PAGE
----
Gov’t Code § 54957(b) (emphasis added).

The Brown Act requires bodies to “publicly report any action taken in closed session and the vote or abstention on that action of every member present,” specifying particular procedures based on the justification for the closed session. Gov’t Code § 54957.1(a).

For closed sessions authorized for personnel decisions, the Brown Act provides that

“[a]ction taken to appoint, employ, dismiss, accept the resignation of, or otherwise affect the employment status of a public employee in closed session pursuant to Section 54957 shall be reported at the public meeting during which the closed session is held. Any report required by this paragraph shall identify the title of the position. The general requirement of this paragraph notwithstanding, the report of a dismissal or of the nonrenewal of an employment contract shall be deferred until the first public meeting following the exhaustion of administrative remedies, if any.” Gov’t Code § 54957.1

Note also that the Brown Act says that “[a] person may not disclose confidential information that has been acquired by being present in a closed session … to a person not entitled to receive it, unless the legislative body authorizes disclosure of that confidential information.” Gov’t Code § 54963.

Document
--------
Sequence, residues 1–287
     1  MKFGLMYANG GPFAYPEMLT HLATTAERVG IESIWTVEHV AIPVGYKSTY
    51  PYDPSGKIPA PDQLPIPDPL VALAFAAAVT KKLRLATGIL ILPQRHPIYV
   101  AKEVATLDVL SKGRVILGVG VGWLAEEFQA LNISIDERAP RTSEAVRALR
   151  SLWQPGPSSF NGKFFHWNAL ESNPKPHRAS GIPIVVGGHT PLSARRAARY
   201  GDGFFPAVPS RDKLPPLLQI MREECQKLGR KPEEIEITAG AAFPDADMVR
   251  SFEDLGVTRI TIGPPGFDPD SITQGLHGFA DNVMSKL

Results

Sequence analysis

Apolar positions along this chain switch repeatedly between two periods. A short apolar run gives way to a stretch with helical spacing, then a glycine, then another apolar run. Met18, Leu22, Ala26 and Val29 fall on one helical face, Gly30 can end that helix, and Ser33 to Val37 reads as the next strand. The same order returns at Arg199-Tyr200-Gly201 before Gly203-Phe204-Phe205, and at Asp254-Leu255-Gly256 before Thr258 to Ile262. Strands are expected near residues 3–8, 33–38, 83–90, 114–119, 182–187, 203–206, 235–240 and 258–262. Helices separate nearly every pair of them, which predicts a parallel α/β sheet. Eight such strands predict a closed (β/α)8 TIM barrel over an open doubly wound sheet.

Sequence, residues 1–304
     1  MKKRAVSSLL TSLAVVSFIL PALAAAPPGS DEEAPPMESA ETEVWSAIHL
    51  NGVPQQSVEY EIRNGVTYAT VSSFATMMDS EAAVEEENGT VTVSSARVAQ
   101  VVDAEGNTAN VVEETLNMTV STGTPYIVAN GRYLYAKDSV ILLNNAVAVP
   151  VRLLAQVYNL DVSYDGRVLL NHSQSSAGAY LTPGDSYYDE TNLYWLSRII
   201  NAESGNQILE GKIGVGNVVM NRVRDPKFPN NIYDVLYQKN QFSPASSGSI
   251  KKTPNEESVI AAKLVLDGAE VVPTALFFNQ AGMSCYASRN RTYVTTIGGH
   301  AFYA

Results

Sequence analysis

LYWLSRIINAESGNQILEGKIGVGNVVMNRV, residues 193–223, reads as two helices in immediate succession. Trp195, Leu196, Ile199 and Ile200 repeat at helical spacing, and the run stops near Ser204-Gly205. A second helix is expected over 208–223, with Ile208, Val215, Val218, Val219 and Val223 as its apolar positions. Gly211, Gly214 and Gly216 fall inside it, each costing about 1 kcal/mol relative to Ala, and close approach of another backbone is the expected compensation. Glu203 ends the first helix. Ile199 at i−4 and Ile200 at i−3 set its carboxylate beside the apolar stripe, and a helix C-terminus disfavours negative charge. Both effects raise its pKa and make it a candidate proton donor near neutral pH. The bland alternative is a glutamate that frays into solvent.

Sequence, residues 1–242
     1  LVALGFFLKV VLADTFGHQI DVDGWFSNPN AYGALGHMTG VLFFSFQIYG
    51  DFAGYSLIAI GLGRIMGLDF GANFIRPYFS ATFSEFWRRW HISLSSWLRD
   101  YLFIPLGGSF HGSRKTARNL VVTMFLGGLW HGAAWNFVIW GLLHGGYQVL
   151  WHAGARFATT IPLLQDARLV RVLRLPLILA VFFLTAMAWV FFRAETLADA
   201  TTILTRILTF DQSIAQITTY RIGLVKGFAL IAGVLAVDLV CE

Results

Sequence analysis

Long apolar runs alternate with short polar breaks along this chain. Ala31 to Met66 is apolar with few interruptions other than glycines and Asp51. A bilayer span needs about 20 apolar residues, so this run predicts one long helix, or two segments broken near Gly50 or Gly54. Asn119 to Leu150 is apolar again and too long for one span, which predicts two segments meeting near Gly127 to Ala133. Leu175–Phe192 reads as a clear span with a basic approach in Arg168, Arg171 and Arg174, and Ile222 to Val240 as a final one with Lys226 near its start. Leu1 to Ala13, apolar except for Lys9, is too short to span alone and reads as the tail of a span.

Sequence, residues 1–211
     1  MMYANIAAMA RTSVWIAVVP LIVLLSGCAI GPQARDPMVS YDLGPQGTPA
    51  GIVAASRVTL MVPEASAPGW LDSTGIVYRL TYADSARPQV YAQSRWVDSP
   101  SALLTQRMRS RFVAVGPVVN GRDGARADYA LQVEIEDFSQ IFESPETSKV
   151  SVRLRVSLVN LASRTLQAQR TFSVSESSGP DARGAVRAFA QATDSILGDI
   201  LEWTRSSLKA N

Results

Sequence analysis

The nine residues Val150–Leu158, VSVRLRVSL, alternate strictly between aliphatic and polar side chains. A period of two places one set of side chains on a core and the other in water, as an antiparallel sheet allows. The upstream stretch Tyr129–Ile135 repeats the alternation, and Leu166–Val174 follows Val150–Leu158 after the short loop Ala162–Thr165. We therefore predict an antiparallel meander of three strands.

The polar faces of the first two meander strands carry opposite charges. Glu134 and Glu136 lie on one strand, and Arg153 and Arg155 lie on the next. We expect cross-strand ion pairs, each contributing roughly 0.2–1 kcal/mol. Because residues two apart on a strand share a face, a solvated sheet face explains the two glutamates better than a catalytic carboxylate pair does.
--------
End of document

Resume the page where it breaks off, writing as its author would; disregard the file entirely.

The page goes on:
For purposes of this section, “‘confidential information’ means a communication made in a closed session that is specifically related to the basis for the legislative body of a local agency to meet lawfully in closed session under this chapter.” Id. In other words, those who attend the closed session might have to be careful about disclosing information from the closed session without authorization from the commission (with the exception, of course, of information that is required to be reported out under Gov’t Code § 54957.1).

Thus, it would appear that the school board would be required to announce that the principal resigned in open session. However, it does not appear that much more in the way of details would be required to be released under the Brown Act.

Public Records Act: Whether or not files or other records related to this incident that are in the possession of the school district or school board are disclosable is within the purview of the Public Records Act. Under the Act, public records — which include “any writing containing information relating to the conduct of the public’s business prepared, owned, used, or retained by any state or local agency regardless of physical form or characteristics,” Gov’t Code § 6252(e) — are presumed to be open to the public and must be disclosed unless a specific provision of the Act or other law exempts them from disclosure.